Her daughter grew up in Ireland and in the Washington area (Foxcroft School). Her father was Roosevelt's first ambassador to the Soviet Union, the first diplomat granted an audience with Stalin (who by the way can be glimpsed in a crowd scene in "Reds" but appears nowhere in the book). He died in 1967, having traveled far ideologically.

In April 1967 Anne Bullitt married Maryland Sen. Daniel B. Brewster, her fourth husband. They had been engaged in about 1942 when Brewster was serving in the Pacific with the marines but had called it off. With her third husband, Nicholas Duke Biddle, she had lived in County Kildare, Ireland, and it was to Ireland that Brewster retreated when his senatorial career ended. They were divorced a decade ago, and today, using her maiden name, she breeds and trains horses there, professionally. She has not remarried. The Nephew

THERE IS a John Reed who lives in Chevy Chase: a nephew, named after his "Uncle Jack." Reed, a retired Foreign Service officer born three years after the famous radical died, is the son of Henry Reed, John's younger brother, who died in 1954.

The younger John Reed turned over most of his uncle's papers to Harvard's Houghton Library. He did keep a delicately illuminated manuscript of poems written by Jack for his mother in 1910, the year Jack was graduated from Harvard (along with T.S. Eliot, Hamilton Fish Jr. and Walter Lippmann). The youthfully dashing poems are fancifully signed "Jon Rid," the name, so like his own, of the hero of "Lorna Doone," a romantic novel that Jack Reed adored.

"Although my grandmother and father did not share his political views, they were devoted to him and always spoke warmly of him," the nephew -- who himself had difficulty getting clearance with the 1950s McCarthy-era State Department, solely because of his uncle -- has written in a memorandum. "Other contemporaries of Uncle Jack whom I met while I was at college or at other times described him as exuberant and outgoing. Controversial? Certainly. Outspoken to the point of bluntness? That he could be. But also I built up an image of a generous, strong-willed free spirit, full of enthusiasm and seeking to experience life in all its forms."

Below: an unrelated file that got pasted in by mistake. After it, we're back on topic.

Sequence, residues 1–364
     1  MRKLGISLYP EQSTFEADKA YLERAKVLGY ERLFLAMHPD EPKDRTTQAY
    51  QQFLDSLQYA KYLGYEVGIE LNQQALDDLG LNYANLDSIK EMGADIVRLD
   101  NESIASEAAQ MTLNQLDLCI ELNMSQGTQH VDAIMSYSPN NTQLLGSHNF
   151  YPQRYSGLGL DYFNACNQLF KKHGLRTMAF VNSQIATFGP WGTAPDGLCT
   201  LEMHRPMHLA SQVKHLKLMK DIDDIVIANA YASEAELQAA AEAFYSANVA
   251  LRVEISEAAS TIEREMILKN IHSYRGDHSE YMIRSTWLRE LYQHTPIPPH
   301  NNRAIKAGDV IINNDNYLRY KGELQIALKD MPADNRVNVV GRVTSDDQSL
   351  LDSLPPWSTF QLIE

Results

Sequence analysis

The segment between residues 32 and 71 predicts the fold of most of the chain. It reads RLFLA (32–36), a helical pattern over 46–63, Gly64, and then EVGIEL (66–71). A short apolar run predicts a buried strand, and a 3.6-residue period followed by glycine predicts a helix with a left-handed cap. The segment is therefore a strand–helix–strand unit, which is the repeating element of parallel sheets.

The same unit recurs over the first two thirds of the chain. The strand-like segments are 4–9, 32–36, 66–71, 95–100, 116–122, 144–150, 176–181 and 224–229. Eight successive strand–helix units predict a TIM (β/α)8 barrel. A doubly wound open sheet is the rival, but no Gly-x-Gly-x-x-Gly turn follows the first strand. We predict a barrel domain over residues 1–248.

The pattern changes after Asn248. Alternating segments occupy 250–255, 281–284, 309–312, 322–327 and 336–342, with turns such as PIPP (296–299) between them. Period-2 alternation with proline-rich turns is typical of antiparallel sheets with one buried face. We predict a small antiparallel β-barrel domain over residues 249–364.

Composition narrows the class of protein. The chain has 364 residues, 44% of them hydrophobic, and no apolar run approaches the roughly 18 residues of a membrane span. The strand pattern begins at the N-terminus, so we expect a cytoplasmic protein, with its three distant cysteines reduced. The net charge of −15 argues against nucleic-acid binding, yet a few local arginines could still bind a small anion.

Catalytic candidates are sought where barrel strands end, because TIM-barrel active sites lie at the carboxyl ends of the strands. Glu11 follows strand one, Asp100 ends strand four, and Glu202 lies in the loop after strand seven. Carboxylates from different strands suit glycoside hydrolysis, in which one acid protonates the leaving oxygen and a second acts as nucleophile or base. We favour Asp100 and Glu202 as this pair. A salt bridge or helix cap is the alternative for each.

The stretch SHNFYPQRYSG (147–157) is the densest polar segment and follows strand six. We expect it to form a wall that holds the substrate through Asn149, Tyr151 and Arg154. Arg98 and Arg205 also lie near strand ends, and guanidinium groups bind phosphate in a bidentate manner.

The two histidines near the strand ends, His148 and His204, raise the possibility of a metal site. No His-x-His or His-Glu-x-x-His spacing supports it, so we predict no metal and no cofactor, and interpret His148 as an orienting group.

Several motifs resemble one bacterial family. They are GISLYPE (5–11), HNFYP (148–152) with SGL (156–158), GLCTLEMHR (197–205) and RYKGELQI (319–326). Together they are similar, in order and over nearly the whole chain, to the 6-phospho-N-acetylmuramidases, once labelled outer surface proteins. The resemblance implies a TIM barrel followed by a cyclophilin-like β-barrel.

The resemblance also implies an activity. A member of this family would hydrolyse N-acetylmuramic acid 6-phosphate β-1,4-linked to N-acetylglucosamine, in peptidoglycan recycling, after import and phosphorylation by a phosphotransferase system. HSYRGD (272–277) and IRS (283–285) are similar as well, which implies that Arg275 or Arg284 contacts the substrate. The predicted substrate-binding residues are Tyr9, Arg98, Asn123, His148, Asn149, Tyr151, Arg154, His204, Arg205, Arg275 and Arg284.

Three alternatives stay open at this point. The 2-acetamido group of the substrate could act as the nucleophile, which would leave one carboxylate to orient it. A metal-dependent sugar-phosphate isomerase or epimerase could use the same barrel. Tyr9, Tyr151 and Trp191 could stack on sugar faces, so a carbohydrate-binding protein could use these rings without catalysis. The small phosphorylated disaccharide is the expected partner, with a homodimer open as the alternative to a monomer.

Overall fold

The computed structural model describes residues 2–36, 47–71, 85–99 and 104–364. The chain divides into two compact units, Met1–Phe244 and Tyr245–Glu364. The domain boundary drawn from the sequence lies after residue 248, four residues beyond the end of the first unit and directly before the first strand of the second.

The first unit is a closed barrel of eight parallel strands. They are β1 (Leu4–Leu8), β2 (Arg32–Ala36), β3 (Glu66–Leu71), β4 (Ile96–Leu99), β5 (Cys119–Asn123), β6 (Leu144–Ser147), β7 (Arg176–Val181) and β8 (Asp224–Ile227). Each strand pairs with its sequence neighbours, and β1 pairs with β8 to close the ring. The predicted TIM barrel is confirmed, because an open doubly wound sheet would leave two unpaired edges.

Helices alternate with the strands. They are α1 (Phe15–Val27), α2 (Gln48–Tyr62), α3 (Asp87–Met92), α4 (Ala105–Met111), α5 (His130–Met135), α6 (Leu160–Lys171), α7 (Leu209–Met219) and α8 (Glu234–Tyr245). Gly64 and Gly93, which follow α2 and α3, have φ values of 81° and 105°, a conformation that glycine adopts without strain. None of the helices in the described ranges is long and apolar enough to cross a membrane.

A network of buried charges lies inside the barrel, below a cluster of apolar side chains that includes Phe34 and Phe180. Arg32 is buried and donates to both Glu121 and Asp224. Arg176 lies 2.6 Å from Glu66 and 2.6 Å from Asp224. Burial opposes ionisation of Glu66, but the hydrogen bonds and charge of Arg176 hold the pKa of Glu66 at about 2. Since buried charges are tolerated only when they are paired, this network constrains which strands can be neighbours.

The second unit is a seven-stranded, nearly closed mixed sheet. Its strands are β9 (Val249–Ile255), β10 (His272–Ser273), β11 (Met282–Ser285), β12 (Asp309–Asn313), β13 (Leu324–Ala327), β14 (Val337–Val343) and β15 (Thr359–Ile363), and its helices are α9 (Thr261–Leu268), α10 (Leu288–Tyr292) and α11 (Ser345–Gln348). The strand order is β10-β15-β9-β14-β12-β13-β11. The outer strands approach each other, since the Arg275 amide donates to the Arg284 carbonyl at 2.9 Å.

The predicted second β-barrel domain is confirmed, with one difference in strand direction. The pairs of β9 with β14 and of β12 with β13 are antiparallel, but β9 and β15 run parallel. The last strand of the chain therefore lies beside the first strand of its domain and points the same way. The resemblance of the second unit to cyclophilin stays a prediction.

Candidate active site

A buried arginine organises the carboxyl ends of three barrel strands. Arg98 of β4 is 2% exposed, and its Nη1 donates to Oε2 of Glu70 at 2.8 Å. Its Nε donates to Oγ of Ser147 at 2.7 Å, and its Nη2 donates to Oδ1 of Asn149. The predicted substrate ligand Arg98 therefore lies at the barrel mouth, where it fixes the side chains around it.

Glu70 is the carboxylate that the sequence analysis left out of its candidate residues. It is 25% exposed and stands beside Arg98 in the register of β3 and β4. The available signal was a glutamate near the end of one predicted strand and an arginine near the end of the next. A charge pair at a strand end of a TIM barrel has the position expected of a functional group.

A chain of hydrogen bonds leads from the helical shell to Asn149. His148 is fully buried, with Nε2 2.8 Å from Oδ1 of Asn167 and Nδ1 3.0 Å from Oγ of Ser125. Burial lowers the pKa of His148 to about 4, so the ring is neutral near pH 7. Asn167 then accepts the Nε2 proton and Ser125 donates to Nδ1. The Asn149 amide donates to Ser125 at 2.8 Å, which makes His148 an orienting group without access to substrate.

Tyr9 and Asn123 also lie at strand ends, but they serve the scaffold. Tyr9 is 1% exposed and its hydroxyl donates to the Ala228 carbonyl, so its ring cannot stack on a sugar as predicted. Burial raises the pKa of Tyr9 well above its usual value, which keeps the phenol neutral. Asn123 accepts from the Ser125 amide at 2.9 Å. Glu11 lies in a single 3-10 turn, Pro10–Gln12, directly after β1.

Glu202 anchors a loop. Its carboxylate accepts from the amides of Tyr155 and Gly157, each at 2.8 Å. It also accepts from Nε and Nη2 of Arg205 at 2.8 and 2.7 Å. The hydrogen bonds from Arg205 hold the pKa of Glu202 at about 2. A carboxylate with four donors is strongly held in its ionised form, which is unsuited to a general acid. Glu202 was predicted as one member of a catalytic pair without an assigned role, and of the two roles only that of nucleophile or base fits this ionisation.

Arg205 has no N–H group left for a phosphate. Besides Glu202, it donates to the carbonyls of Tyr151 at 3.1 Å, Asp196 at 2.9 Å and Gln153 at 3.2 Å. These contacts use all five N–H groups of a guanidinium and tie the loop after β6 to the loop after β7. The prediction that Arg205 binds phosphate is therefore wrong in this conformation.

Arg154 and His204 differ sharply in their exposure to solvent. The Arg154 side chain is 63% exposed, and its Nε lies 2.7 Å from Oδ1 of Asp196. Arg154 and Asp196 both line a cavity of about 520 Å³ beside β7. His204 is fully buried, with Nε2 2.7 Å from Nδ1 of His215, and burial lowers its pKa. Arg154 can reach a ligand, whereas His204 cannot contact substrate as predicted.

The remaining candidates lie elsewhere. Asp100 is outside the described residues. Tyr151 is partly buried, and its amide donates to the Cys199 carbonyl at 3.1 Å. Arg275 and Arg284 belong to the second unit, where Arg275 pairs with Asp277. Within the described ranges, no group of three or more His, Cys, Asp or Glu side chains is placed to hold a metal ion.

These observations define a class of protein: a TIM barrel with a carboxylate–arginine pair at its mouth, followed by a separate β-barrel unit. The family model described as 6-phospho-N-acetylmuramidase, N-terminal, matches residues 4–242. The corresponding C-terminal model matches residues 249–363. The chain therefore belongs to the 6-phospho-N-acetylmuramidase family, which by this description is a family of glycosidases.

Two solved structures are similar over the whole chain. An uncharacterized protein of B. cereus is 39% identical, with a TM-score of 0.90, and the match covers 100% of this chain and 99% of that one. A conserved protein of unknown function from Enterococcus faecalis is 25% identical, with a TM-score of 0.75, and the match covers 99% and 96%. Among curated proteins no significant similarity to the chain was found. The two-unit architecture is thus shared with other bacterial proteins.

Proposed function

Most of the family, which includes John, a former journalist with the San Francisco Chronicle and Congressional Quarterly, and his brothers Francis and Henry with five daughters among them, have seen "Reds" and liked it.

"Uncle Jack has been described as a dilettante, a dabbler in radical causes, a playboy. Yet he was unafraid of public censure, physical discomfort and jail . . . He believed deeply in the right of dissent; it was one of the major elements in his character. The other, I think, was his belief that through labor and political action the working man, the 'ordinary' man, could move from relative powerlessness to greater participation in his own life and shape his own destiny."

Like many others, Reed feels that Jack would soon have rejected the Bolshevik revolution and may even have been in the process of losing faith in it when he died. "I'm sure that had he lived, he would have been disillusioned with Russia. He was such an idealist."

The Soviet regime apparently felt the same way about him. Lenin himself wrote the foreword to "Ten Days That Shook the World," but within a decade Stalin banned the book throughout the Soviet empire. Then, after Stalin's death, it came back again, newly translated into Russian. It now had, however, an unsigned postscript to the foreword undercutting Trotsky, who is very big in the book, as he is in history -- outside Russia. The Other Faction